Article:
Speaking of green, we’re now going beyond the #cottagecore aesthetic and leaning even harder into sustainability with this quirkier variant of biophilia. In addition to reclaiming the wild side of nature and advocating for inclusivitywithin a realm of forest fantasy, goblincore calls for thrifting, shopping secondhand, and the collecting of small, shiny objects. (In other words, vintage is way in.) At the core, it’s about embracing a more eco-friendly lifestyle—with nature-inspired looks to match. Mushrooms, snails, frogs, plants, and moss are some of the main motifs for this trend, which obviously features an earthy palette. Interpret as you wish!

All cannabis everything

Because you don’t have to be a stoner to appreciate stoner aesthetics. There are so many tasteful ways to integrate cannabis into your home decor, from sculptures and floral arrangements to throw blankets and coffee table books. The marijuana industrial complex will be reaching new heights in 2022 with legalization on the rise across the U.S., so don’t be surprised to see more weed out in the wild with the enormous growth of dispensaries and farms. The grass is greener now that we’re finally on the other side of this movement. (While you’re here, consider reviewing the highly recommended products from our gift guide on the subject.)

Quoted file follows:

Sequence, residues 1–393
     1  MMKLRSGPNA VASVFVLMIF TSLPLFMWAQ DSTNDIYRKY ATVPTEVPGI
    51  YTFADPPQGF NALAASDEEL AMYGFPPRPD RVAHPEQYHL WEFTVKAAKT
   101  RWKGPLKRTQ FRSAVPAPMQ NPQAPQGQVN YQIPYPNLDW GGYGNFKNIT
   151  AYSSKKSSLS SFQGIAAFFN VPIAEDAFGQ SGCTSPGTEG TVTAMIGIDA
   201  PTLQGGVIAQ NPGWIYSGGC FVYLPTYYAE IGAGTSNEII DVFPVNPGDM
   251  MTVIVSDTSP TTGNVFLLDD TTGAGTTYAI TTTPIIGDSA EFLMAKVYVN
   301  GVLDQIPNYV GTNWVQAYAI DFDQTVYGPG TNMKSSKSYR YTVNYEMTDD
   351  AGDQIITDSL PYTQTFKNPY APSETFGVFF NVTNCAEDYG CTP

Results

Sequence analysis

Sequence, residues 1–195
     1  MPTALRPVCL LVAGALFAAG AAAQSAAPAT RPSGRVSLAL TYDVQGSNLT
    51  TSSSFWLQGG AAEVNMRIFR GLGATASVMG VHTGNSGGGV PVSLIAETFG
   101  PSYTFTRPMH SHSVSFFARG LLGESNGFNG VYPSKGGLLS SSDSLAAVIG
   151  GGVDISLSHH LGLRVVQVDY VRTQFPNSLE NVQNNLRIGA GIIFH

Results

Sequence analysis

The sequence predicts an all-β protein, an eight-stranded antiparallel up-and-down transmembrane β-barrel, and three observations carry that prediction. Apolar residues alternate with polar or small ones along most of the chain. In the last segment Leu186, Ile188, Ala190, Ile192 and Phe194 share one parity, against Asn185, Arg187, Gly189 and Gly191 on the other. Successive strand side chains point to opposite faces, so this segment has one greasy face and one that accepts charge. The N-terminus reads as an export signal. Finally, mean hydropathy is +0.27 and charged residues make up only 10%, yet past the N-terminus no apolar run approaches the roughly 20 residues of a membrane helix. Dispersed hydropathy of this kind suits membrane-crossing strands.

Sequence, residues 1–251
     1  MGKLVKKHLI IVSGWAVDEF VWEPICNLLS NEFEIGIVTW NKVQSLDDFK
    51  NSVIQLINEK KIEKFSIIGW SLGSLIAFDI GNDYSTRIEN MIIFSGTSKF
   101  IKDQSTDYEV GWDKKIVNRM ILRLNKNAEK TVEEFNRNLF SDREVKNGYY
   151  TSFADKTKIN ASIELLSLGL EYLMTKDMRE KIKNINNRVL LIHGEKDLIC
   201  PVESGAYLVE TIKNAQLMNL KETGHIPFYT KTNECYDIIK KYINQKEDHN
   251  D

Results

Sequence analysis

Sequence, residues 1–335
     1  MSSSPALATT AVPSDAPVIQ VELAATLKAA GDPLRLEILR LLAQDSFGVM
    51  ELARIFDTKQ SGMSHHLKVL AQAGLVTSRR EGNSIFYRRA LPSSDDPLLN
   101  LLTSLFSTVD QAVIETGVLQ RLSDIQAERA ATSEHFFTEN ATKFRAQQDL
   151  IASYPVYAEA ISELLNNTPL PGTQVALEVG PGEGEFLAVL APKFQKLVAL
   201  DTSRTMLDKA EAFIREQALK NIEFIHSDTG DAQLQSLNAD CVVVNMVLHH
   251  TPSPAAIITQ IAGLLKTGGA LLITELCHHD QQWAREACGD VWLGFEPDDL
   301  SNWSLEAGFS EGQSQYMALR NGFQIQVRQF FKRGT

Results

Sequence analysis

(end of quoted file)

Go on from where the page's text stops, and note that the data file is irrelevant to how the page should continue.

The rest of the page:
Glass blocks

With the popularity of transparency came a resurgence of lucite and acrylic, so, naturally, the next “it” material is glass blocks. Susan Alexandra set the bar high with her flagship store that is filled with a rainbow of glass blocks. (The architectural designer Lula Galeano insists that the material makes for a most fulfilling furniture DIY project.) The tile table had its moment, but it’s about to be replaced by glass block ones.

Modular furniture

Iconic statement pieces are cool, but multifunctional furniture is an even better investment now that our spaces have become multipurpose and objects are our closest companions. (Real talk, there’s truly nothing more intimate.) We’ve all been struck by the curse of curves, but what could be more comforting than a big, chunky couch? What really stands the test of time is a sectional set that you can put together and pull apart to your heart’s content, like the Togo and Mah Jong sofas. We’re always one step closer to reviving the conversation pit… And if you hadn’t already noticed, the daybed is also back in fashion.

Books are back

It’s time to get lit, if you know what I mean… Not only are more people curating books for decoration (and their personal libraries), but they’re also building stairs and tables out of vintage books. Even if you’re not a hardcore bibliophile, the designer Sophie Collé reminds us that books are great tools to use as visual references. “I’m not ashamed to admit that I’m just flipping through the pictures, but that is such a great way of not going on Pinterest and learning a little bit about history,” she explains. “People have done the work of curating all of this information for us, so why not use it? Some book covers from the ’80s are art pieces, so I like having them out even just for that.” You heard it here first: Books are the new status symbol.


Mirror, mirror, off the walls! After such a long duration of deep reflection, the future is looking shinier than ever, so our decor should too. From tinsel curtains and disco balls to tufted and spray foam mirrors, we’re all getting our groove back with pieces that shimmer and sparkle. Now that the portal has been opened, could mirrored ceilings be in our future? Only time will tell…